The sprawl of the wave,
The on-coming water.
The river turns on itself,
The tree retreats into its own shadow.
I feel a weightless change, a moving forward
As of water quickening before a narrowing channel
When banks converge, and the wide river whitens;
Or when two rivers combine, the blue glacial torrent
And the yellowish-green from the mountainy upland, —
At first a swift rippling between rocks,
Then a long running over flat stones
Before descending to the alluvial plane,
To the clay banks, and the wild grapes hanging from the elmtrees.
The slightly trembling water
Dropping a fine yellow silt where the sun stays;
And the crabs bask near the edge,
The weedy edge, alive with small snakes and bloodsuckers, —
I have come to a still, but not a deep center,
A point outside the glittering current;
My eyes stare at the bottom of a river,
At the irregular stones, iridescent sandgrains,
My mind moves in more than one place,
In a country half-land, half-water.
I am renewed by death, thought of my death,
The dry scent of a dying garden in September,
The wind fanning the ash of a low fire.
What I love is near at hand,
Always, in earth and air.
The lost self changes,
Turning toward the sea,
A sea-shape turning around, —
An old man with his feet before the fire,
In robes of green, in garments of adieu.
A man faced with his own immensity
Wakes all the waves, all their loose wandering fire.
The murmur of the absolute, the why
Of being born falls on his naked ears.
His spirit moves like monumental wind
That gentles on a sunny blue plateau.
He is the end of things, the final man.
All finite things reveal infinitude:
The mountain with its singular bright shade
Like the blue shine on freshly frozen snow,
The after-light upon ice-burdened pines;
Odor of basswood on a mountain-slope,
A scent beloved of bees;
Silence of water above a sunken tree:
The pure serene of memory in one man, —
A ripple widening from a single stone
Winding around the waters of the world.
Part of why I have always loved this poem since coming across it some 40 years ago is the easy interplay between Roethke’s musings about the end of life and the ardor he exhibits for the elemental aspects of nature that fuel his poet’s heart. He will die, the narrator will, as did the young birds and rabbits whose mortal mishaps he mourned in his youth, but for which notably, his “grief was not excessive.”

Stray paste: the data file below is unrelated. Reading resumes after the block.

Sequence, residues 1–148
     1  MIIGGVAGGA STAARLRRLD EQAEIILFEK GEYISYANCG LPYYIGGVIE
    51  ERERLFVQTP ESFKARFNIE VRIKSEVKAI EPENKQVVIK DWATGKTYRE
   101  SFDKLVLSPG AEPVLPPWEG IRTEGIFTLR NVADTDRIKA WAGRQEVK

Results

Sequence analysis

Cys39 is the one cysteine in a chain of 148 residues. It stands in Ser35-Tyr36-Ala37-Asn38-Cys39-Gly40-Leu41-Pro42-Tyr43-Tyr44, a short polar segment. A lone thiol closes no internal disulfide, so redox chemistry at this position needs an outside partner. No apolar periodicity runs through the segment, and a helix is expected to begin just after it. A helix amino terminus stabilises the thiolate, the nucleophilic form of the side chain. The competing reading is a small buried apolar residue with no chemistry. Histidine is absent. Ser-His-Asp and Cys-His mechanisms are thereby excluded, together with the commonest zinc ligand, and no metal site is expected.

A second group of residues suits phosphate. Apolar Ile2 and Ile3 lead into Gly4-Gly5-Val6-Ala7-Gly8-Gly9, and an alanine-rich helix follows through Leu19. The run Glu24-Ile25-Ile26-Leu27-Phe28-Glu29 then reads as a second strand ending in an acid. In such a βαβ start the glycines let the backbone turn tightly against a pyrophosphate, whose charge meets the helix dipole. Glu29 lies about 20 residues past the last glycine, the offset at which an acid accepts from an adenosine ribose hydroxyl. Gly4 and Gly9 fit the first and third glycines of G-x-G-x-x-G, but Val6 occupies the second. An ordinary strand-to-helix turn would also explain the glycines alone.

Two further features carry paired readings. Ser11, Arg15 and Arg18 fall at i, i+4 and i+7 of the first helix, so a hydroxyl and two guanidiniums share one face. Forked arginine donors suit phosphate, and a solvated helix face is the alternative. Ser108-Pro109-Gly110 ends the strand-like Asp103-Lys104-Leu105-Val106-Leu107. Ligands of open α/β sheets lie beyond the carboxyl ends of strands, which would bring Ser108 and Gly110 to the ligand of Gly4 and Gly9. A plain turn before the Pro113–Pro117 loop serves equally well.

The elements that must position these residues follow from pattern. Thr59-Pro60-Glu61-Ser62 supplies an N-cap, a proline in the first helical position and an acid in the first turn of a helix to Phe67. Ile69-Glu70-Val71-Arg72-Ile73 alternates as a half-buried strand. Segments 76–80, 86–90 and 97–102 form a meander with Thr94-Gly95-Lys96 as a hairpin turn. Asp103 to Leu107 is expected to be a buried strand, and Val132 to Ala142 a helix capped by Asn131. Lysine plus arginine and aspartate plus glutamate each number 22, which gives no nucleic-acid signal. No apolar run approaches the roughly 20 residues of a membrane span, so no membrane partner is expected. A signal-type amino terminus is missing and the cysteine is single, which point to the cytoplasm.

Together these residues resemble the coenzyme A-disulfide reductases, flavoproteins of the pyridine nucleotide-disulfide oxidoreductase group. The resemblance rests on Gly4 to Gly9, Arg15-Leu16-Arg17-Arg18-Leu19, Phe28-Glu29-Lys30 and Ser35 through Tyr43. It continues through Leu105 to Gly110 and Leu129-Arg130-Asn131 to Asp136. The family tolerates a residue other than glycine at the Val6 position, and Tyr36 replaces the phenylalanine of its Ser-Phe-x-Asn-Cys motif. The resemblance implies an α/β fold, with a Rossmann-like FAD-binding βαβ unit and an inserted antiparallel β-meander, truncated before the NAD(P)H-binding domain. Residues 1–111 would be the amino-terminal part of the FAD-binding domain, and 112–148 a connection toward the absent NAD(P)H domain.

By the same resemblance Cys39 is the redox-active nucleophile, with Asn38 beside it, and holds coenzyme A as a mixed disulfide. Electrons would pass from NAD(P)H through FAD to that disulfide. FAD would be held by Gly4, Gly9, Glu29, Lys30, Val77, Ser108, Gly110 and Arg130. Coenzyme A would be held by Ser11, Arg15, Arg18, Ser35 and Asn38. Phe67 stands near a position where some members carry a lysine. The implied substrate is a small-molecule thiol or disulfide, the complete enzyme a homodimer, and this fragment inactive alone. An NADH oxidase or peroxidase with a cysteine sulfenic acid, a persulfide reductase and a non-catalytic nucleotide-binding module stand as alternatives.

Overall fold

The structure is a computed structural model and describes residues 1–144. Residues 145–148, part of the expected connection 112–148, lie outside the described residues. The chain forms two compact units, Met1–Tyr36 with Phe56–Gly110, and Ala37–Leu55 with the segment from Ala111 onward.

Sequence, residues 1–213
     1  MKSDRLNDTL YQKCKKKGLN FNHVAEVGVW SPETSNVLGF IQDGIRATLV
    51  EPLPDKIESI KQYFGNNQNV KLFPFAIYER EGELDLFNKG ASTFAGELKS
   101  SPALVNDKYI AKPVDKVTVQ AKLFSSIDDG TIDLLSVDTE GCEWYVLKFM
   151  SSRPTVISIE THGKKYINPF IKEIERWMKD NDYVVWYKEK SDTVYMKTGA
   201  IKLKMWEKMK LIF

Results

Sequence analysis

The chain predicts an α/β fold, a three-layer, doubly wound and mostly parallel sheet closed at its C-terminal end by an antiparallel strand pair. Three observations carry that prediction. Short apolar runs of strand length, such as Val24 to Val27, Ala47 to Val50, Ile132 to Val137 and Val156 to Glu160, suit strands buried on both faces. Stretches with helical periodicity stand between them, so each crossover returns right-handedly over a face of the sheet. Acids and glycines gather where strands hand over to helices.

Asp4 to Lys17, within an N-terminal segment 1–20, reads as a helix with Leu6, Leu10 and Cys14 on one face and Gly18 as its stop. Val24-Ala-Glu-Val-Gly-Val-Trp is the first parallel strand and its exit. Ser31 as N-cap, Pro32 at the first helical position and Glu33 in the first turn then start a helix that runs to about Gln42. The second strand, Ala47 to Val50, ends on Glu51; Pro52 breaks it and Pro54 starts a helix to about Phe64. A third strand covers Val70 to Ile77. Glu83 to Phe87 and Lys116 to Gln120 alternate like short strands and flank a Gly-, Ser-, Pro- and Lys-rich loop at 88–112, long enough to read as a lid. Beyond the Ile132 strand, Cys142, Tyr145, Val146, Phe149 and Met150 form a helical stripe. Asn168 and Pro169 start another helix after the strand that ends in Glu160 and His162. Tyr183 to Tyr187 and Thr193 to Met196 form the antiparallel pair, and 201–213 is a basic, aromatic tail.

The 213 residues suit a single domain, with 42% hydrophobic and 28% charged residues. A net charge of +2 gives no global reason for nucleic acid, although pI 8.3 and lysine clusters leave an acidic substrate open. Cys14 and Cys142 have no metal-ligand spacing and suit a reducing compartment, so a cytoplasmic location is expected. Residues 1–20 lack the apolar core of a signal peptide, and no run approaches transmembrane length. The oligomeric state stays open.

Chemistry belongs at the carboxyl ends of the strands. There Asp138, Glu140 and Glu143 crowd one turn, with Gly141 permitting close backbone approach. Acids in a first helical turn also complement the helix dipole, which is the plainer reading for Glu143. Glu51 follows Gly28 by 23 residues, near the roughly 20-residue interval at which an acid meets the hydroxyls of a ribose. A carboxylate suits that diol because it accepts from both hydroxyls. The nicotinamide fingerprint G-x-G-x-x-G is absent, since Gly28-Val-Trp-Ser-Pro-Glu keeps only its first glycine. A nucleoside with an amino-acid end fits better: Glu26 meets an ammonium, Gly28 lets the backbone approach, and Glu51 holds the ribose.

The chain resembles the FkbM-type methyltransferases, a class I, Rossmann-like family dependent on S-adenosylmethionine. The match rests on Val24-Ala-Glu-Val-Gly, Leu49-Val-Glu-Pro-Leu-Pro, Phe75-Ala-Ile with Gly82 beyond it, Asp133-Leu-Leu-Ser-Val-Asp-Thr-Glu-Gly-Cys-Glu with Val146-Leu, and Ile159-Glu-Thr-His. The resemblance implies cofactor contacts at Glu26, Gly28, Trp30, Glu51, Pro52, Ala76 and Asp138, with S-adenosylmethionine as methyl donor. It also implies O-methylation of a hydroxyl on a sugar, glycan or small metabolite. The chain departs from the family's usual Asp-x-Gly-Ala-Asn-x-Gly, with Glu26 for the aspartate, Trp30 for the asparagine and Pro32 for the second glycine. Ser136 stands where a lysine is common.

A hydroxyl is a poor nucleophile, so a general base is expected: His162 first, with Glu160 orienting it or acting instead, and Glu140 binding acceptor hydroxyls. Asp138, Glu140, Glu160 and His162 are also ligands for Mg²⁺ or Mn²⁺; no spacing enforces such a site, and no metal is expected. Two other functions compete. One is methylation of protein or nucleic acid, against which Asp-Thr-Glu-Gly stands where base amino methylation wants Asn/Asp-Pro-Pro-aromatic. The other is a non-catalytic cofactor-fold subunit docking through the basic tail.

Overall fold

Why? Because life goes on, the abundance of “warblers in early May” causing him to “forget time and death.” (If only for the moment.)
From his consideration of those warm-blooded creatures, we then behold Roethke in his childhood, lying “naked in sand…/fingering a shell,” using it as a jumping off point to contemplate the different states of existence, imbuing them all—animate, inanimate, mindful and mindless, and in his power dreams, even a fierce lion—with the reverence due all creation.
More than almost any of our poets, Roethke moves with ease from the playful to the cosmic to the concrete, a peculiar kind of secular religious poet prone to meditating on “the windy cliffs of forever,” which is a perfect example of him fusing images of the particular (windy cliffs) with the abstract and inscrutable “forever.”
Then there is “the dying of time in the white light of tomorrow” (abstract), followed by a succession of death metaphors with clear images (“The wheel turning away from itself,/ The sprawl of the wave,/The on-coming water”).
All of it just right for a man whose mind moves “in more than one place” and realm, “in a country half-land, half-water.”
Later, he states he is “renewed by death, thought of my death,” likening it to the profound sensory image of “the dry scent of a dying garden in September.”
And then the dying man, rising already, sees perhaps for the first time not his impending erasure but instead his “own immensity,” the project of building a Self finally coming to fruition in his realization that “all finite things” (such as himself) “reveal infinitude.”
Surely this is the mystical core of all religions: that what we do and how well we love within this finite realm is a matter of infinite importance. Literal takes on religion seek to reward us for that effort by punching our ticket to some celestial hereafter, but mystics such as Roethke have always harbored a vision both wider and more acute.
For them, the awareness of death sharpens everything in this life, brightening it to an almost unbearable, but therefore all the more precious, sheen. In that realm, all the heaven we could ever want is sprawled out before us moment to moment.
As children, that can mean contemplating a seashell or allowing ourselves “to sink down to the hips in a mossy quagmire/Or, with skinny knees, to sit astride a wet log.”
Later, it means listening for “the murmur of the absolute” as it fields our questions about the “why of being born.”
With our spirits moving “like monumental wind,” we join with the universal spirit that animates and undergirds all life. In this world of the far fields and wild grapes and trembling waters, we do well to remember—or perhaps just claim for the first time—that every piece of it is laden with importance.
That very much includes ourselves, each of us “a ripple widening from a single stone,” heading for a rendezvous with the much larger and ultimately serene stream of existence that will forever be “Winding around the waters of the world.”
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Elizabeth Haslam, whose photos (except for the books) grace the rotating banner at top of page.
Library books photo by Larry Rose, all rights reserved, contact: email@example.com
Sunny field by Kent Pilcher https://unsplash.com/@kent_pilcher
Field and clouds and dark curtain by Andrew Hidas https://www.flickr.com/photos/andrewhidas/
Ocean cliffs by Benjamin Behre, Hamburg, Germany https://unsplash.com/@hellothisisbenjamin